The managing director, Ella Stengler, and president, Ferdinand Kleppmann, of the Confederation of European Waste-to-Energy Plants (CEWEP), have written an open letter to the European Commission ahead of its decision regarding the Circular Economy Package to make the case for recovering energy from waste.
The full text of the letter can be read below:
Open letter to: First Vice - President Frans Timmermans
Vice - President Jyrki Katainen
Commissioner Karmenu Vella
Commissioner Miguel Arias Cañete
Vice - President Maroš Šefčovič
European Commission Brussels,
Triple win in the new Circular Economy Package
With regard to the upcoming proposal on the Circular Economy package, CEWEP would like to urge you not to miss the triple win opportunity to set ambitious binding targets to divert recyclable and recoverable waste from landfills.
This would serve:
- The environment as well as
- The climate and energy policy and
- The EU’s economy as it would create jobs and growth.
The benefits of diverting recyclable and recoverable waste from landfills are the following:
1) Good for the Environment
By diverting waste from landfilling, the ground and water will not be exposed to pollution due to leachate and the loss of land will be avoided. It will prevent the microplastics from being blown by the wind from (legal and illegal) landfills into the seas or rivers.
By avoiding landfilling, plastics can be recycled for a second life or, if this is not possible, recovered for energy: high quality recycling which is necessary for an efficient circular economy is complementary to Waste-to-Energy. Moving away from landfills, higher up the waste hierarchy will increase the volume of secondary raw materials.
2) Contribution to climate and energy policy
Diversion from landfill is the main contributor to greenhouse gas mitigation in the waste management sector. Diverting municipal waste from landfills would save 92 million tonnes of CO2 emissions in EU - 28 by 2030. This is around 8% of what the EU still has to save to achieve its 2030 greenhouse gas emission targets.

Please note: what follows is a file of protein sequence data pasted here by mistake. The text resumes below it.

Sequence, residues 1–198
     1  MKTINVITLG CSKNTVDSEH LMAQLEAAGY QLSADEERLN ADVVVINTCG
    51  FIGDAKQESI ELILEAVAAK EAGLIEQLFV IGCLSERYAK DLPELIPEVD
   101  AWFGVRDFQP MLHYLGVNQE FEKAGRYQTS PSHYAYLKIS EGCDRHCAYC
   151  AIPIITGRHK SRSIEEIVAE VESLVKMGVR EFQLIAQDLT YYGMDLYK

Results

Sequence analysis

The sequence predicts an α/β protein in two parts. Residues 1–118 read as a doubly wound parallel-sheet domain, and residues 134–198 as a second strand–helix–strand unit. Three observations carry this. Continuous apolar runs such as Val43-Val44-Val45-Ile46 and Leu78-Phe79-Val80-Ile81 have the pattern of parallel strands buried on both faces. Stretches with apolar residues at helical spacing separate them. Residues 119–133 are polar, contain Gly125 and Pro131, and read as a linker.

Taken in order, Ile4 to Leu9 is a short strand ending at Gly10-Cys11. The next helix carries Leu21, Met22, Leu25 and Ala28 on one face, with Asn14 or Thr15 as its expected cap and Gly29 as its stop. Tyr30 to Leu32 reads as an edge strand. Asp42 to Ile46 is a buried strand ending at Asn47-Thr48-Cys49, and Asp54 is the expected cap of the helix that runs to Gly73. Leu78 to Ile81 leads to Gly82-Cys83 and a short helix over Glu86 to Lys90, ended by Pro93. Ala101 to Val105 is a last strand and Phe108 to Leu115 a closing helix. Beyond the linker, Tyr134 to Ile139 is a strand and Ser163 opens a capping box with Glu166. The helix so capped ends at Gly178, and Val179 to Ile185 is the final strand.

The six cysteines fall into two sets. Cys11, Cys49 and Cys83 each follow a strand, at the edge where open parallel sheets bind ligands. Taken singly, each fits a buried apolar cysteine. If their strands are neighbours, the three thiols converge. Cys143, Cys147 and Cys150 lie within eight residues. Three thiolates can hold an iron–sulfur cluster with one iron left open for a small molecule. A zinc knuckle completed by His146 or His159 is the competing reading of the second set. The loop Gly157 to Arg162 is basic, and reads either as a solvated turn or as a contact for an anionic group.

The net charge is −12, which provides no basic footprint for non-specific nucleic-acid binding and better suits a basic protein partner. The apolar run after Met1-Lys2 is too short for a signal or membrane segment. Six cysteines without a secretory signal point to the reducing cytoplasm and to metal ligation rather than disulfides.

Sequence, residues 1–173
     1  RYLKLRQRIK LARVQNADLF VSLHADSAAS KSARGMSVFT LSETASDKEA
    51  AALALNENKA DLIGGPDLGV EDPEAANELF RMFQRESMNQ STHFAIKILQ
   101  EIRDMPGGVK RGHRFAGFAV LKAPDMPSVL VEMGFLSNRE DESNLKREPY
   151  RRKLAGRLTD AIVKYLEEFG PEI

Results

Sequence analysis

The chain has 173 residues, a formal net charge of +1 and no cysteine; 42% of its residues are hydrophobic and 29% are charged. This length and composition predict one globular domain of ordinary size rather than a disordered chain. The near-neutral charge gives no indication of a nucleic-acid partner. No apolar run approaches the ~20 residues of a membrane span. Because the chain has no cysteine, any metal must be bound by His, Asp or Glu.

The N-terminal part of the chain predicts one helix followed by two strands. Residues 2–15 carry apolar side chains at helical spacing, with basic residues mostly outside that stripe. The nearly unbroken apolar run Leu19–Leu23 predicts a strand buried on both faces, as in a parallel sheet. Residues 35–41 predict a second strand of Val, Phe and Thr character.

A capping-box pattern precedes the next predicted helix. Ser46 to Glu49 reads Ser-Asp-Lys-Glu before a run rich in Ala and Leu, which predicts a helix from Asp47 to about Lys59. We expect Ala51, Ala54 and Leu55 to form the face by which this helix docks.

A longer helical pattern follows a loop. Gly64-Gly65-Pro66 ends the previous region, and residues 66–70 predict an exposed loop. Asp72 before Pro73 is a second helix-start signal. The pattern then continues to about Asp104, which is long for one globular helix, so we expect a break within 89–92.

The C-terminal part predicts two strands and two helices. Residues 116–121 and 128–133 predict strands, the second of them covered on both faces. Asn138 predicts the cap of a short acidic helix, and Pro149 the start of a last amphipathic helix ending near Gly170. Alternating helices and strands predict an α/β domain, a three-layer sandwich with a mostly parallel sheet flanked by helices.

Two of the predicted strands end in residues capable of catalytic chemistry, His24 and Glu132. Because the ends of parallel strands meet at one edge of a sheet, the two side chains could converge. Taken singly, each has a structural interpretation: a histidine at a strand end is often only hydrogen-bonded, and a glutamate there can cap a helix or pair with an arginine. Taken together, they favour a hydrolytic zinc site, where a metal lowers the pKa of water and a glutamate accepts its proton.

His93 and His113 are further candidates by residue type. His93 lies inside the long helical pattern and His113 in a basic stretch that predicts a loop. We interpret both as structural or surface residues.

Minimising landfilling is a low hanging fruit with regard to the upcoming discussions at the United Nations climate summit in Paris in December.
Recovering energy from the non-recyclable waste contributes to the EU’s Energy Union goals of reducing greenhouse gas emissions and dependence on fossil fuel imports. In 2012 EU - 28 imported 107 billion m 3 of natural gas from Russia. The energy content of the waste treated by European Waste-to-Energy plants amounts to 19% of these gas imports.
Member States which still landfill a lot often have district heating systems which with minimal modernisation could be used to pro vide local secure energy from waste. This should stimulate investment as foreseen in the “Juncker plan”.
3) Boost Europe’s Economy
Allowing only pre-treated waste to be landfilled will boost the recycling economy and provide Europe with more secondary raw materials. From the non-recyclable waste cost-effective and secure energy can be produced. This will create jobs and growth.
Using the Juncker Investment Fund and structural funds to invest in waste source separation and treatment options higher up the hierarchy might even help Europe to change its currently deflationary trajectory in the coming years. Please keep in mind that the aftercare period for landfills last s for decades. Therefore landfilling is not as cheap as it might look like at first glance.
Diverting recyclable and recoverable waste from landfills is the first step towards a recycling and recovering society for a sustainable use of our resources. Setting ambitious recycling and recovering targets is the second step that can only be done after the first step (diverting waste from landfills).
With kind regards
Ferdinand Kleppmann, &
Dr. Ella Stengler
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